May 17, 2014

By Bruce S. Kramer and Scott Kramer

Congress shall make no law respecting an establishment of religion ...

In its Town of Greece v. Galloway decision, the U.S. Supreme Court on May 5 ignored this mandate from the First Amendment and opened the door to religious favoritism prohibited by the Constitution.

Our Founding Fathers embraced the unique political philosophy that all people were endowed with certain inalienable rights, one of which is the right to practice their religion or not, and to be free from government mandates that they practice or support any religion. Our Constitution was created to secure the blessings of liberty by limiting the powers of government.

The government cannot favor one religion over another, nor can it favor religion over atheism or agnosticism. Governmental favoritism only serves to divide and drive a wedge between citizens over what should be a private matter. In this country, government does not discriminate on matters of faith, or a lack thereof. No one should be treated like a second-class citizen by the government simply because he or she does not share a particular set of beliefs.

What may begin as a tolerant expression of religious views by the government may end in a policy of indoctrination and coercion. This fear of government indoctrination and coercion is exactly what inspired our Founding Fathers to include the Establishment Clause in the Bill of Rights in the first place.

Allowing churches to play a prominent role in civil government led to centuries of wars in Europe. The Founding Fathers were determined to ensure that the religious wars which had plagued Europe would not infect our new republic. At the same time, most Americans wanted to protect their religious views and institutions from the unfair advantage that some religions enjoyed in Europe through government support.

The Town of Greece decision flies in the face of the Founding Fathers’ goals. Being subject to group prayer should not be the price of civic participation. When a citizen participates in government, religious beliefs should not be an issue. As Thomas Jefferson stated, “Opinions in matters of religion shall in no wise diminish, enlarge or effect civil capacities.”

The potential for divisiveness is particularly relevant when it centers around an overt religious exercise in a governmental setting, where coercive pressures can exist. The words of George Washington still ring true today: “Religious controversies are always productive of more acrimony and irreconcilable hatreds than those which spring from any other cause.”

Although the Founders spoke with one voice in declaring religious liberty an inalienable right, there was not consensus among them as to the proper role for religion in government. One thing they did agree on, however, was that, as James Madison wrote, “The great danger in republics is that the majority will not respect the rights of minority.” The minority, as Jefferson proclaimed in his first inaugural address, “possess their equal rights, which equal law must protect, and to violate would be oppression.”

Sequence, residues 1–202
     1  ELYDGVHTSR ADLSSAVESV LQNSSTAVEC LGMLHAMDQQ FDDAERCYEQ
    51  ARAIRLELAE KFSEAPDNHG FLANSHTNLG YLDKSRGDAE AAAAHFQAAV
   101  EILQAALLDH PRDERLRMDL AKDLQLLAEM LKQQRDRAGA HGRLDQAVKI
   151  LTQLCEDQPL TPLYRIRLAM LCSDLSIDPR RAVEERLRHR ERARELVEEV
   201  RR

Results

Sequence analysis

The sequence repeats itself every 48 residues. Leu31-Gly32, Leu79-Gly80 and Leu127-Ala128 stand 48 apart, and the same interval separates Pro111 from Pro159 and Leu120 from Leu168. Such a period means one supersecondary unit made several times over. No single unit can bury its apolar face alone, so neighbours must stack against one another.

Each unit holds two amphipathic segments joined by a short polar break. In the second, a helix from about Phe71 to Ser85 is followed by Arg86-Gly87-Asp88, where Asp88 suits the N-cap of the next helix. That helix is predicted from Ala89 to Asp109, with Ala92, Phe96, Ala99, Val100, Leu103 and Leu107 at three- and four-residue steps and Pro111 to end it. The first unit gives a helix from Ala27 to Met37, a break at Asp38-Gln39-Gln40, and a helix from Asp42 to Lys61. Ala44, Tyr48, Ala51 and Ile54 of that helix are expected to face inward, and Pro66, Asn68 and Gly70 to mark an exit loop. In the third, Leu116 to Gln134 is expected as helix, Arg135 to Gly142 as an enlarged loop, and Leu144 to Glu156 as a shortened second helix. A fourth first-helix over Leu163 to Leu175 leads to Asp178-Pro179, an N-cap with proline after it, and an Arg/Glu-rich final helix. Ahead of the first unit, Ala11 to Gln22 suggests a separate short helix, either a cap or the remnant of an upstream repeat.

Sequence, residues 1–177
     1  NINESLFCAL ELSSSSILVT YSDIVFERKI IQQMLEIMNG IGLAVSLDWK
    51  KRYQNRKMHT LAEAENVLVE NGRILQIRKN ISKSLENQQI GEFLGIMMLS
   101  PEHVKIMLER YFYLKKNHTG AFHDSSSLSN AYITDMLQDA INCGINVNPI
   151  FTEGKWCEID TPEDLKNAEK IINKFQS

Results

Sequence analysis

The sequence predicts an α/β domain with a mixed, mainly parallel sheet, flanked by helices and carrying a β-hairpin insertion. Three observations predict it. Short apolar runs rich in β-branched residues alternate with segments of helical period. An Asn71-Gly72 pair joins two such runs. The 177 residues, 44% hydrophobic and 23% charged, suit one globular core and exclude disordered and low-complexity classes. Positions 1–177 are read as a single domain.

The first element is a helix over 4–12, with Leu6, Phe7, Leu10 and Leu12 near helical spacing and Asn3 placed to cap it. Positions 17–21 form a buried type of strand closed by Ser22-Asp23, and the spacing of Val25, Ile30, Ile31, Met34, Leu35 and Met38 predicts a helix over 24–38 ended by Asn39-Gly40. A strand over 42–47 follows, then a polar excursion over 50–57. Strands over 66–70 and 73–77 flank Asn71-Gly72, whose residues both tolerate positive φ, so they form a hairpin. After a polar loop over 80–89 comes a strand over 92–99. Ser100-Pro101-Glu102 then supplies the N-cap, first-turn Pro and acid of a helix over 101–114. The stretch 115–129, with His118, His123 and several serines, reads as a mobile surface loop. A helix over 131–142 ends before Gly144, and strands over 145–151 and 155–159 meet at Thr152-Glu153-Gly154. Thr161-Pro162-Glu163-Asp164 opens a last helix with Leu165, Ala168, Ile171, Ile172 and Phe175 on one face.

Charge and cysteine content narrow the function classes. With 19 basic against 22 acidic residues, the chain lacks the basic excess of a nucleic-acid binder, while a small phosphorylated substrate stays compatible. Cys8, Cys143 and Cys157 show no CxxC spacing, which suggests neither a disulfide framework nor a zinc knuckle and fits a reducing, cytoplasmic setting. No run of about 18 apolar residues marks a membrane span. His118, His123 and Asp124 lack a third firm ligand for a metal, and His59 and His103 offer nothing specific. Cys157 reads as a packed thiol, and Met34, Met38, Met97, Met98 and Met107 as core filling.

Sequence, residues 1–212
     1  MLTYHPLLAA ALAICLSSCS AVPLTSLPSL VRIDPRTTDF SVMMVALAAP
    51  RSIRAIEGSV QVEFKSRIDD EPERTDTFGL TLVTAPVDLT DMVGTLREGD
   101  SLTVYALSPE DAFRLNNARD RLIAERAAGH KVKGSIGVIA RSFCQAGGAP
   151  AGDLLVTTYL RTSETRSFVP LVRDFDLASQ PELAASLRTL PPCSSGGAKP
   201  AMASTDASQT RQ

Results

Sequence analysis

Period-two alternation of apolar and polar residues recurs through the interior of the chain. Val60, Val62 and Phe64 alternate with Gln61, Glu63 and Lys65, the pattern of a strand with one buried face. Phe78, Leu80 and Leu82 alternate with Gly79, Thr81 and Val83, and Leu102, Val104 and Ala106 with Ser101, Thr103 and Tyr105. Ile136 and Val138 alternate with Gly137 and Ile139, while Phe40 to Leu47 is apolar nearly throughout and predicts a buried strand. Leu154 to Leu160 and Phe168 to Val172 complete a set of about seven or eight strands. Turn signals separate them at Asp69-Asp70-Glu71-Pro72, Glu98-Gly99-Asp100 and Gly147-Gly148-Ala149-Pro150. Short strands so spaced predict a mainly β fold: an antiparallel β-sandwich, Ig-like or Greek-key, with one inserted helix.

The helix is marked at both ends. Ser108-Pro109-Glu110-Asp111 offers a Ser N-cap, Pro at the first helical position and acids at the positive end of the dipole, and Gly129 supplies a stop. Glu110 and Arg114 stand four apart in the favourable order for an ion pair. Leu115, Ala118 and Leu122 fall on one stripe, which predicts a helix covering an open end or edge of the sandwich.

The Founders knew that religious beliefs and religious expression were too precious to be proscribed or prescribed by the state. Citizens participate in the business of government not as members of a religious majority or minority, as Catholics or evangelicals, as Sunni or Shia, as atheists or agnostics, but as Americans.

Prior to the court’s ruling in Town of Greece, government-sponsored prayer had been off-limits in every other context, and it should not be permitted in town meetings. It only serves to divide Americans and pit one against another over what should be a private matter of conscience, unrelated to and uninvolved in the workings of our government. Remember, it is our government — yours and mine.

In 1790, Moses Seixas wrote to George Washington of his gratitude that America had a government “which to bigotry gives no sanction, to persecution no assistance — but generously affording to All liberty of conscience, and immunities of Citizenship: deeming everyone, of whatever nation, tongue or language, equal parts of the great governmental machine.”

When citizens approach their government, it should be as Americans only, not as members of one faith or another. And to participate in government, Americans should not have to confront government-sponsored worship which can only serve to divide us.

The decision in Greece will sadly go down in history as another divisive and unpalatable ruling from the Supreme Court. It will take its place alongside Korematsu v. United States, Dred Scott v. Sandford and Plessy v. Ferguson as an abandonment of constitutional principles for political purposes.

Bruce S. Kramer is a board member of the American Civil Liberties Union of Tennessee and an attorney with Apperson Crump PLC. Scott Kramer is an attorney with Apperson Crump PLC.

This op-ed appeared in The Commercial Appeal on May 17, 2014.